Teens will have to work jobs, they will have to stand in line at the BMV, they will have to attend social functions, they will have to pay taxes, they will have to obey the law or face the consequences, some of them will go to war, and on, and on, and on. They will become something like their parents, and in America, where social mobility is at an all time low, they will probably work similar jobs and live in similar homes as their parents. They'll have children of their own and raise them to be the next generation of the same.

As much as I could without getting in the way of the story (I hope), I've tried to reinforce this theme throughout All Together Now: A Zombie Story. In my view, the teenage years involve being smart enough to realize one is being socialized, but usually not clever enough to stop the process (at least, I wasn't).  Not all high schools say the pledge of allegiance in the morning anymore, but you can bet the students in my book do:)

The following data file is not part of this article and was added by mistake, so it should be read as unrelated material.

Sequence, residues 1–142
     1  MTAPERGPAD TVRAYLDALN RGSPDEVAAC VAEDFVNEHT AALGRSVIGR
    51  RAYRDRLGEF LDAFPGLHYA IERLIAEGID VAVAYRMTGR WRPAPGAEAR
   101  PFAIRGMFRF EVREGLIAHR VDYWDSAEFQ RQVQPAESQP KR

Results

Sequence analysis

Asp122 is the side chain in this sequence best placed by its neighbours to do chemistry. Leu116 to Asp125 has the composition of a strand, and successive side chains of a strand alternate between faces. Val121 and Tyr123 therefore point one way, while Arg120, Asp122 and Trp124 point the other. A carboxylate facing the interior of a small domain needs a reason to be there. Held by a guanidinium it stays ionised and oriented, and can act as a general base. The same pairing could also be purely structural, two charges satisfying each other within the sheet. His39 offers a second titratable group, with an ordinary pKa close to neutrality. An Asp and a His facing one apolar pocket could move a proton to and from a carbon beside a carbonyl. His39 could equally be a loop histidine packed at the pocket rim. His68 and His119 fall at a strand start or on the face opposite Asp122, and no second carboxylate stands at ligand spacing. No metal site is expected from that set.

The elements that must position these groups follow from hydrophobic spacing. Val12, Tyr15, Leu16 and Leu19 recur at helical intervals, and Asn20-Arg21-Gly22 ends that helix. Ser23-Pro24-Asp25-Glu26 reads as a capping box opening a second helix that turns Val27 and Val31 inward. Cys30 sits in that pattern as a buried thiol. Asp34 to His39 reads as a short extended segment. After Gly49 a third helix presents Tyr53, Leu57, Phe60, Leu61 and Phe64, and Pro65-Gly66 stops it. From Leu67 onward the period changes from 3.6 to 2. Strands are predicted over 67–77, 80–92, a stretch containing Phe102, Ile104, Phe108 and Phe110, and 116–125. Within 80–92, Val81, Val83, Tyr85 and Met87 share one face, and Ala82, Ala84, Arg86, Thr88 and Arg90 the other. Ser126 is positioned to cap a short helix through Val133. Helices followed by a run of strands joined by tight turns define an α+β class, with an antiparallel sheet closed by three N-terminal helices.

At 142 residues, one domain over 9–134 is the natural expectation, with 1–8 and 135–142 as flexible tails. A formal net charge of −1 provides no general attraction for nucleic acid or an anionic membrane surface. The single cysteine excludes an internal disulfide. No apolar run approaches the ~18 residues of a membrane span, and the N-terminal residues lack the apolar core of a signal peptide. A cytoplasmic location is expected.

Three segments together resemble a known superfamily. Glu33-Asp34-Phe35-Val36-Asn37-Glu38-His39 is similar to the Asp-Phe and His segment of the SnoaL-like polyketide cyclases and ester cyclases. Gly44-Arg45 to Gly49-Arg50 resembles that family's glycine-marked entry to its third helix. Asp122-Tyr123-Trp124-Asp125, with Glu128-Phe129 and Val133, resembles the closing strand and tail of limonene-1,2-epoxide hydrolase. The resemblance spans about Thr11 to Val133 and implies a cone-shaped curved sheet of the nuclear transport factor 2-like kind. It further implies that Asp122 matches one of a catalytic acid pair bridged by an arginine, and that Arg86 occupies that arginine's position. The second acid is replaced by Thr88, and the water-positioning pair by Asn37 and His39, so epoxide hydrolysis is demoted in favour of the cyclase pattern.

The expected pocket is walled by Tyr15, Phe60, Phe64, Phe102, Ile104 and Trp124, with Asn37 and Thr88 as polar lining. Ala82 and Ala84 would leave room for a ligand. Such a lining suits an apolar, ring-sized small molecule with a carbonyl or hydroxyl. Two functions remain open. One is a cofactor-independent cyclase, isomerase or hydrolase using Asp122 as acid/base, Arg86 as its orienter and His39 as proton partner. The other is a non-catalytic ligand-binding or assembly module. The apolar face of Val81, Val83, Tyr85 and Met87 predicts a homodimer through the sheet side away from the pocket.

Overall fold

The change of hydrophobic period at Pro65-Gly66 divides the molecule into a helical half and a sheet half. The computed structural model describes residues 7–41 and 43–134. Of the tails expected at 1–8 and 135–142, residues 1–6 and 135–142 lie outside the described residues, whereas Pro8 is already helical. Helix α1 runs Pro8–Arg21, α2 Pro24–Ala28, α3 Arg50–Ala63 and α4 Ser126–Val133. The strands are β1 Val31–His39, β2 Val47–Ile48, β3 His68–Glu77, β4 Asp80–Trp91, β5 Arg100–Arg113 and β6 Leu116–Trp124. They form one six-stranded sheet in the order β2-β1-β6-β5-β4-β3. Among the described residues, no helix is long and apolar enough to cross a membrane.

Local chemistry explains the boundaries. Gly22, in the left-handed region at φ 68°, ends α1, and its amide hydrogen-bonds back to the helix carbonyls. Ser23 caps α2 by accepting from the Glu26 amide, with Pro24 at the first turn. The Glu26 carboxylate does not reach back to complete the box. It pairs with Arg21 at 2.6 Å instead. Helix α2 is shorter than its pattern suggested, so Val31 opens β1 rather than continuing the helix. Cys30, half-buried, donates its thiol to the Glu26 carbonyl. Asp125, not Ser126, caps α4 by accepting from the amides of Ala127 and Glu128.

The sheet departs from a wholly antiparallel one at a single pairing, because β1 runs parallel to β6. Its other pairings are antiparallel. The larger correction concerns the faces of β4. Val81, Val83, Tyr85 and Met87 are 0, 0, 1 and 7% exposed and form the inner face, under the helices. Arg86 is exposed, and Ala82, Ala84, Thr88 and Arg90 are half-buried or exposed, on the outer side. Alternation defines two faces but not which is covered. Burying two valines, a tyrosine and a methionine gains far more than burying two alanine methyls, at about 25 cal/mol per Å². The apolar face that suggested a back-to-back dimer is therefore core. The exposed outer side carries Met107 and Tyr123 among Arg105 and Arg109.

A theme inevitably emerges in a novel, whatever the author's intentions, and I believe it's best when done deliberately and as minimally as possible. You know you've gone too far if John Galt gives a 60-page speech (never pass up an opportunity to stick it to Ayn Rand). Too much of a good thing leads to preaching rather than storytelling, which is what the reader is paying you to do. So I tried to keep passages like this one to a minimum:

     When we reached the intersection of Kirkman Avenue and Harrington Street, I turned left, but not before I saw the courthouse. Its exterior was limestone and mostly still standing, though chunks of it had fallen to the lawn.
     But its inside was burned out, leaving a husk of what had been: a building that should be ashes but somehow still stood.

Ending a book with a metaphoric house collapsing is all good and well for Annie Prouxl, but I'm just not that deep or that precious. My protagonist has a clear cut goal: Ricky Genero has to get his zombie brother to Kirkman's soda plant where he's been told the CDC is developing a cure. Many of the events of the story are geared toward motivating Ricky to make something right in a world where so much has gone wrong until the reader (hopefully) believes Ricky will stop at nothing to find the cure for his little brother. As the population has become living dead, literally everyone is trying to kill Ricky and stop him from accomplishing his goal. Zombie stories write themselves:)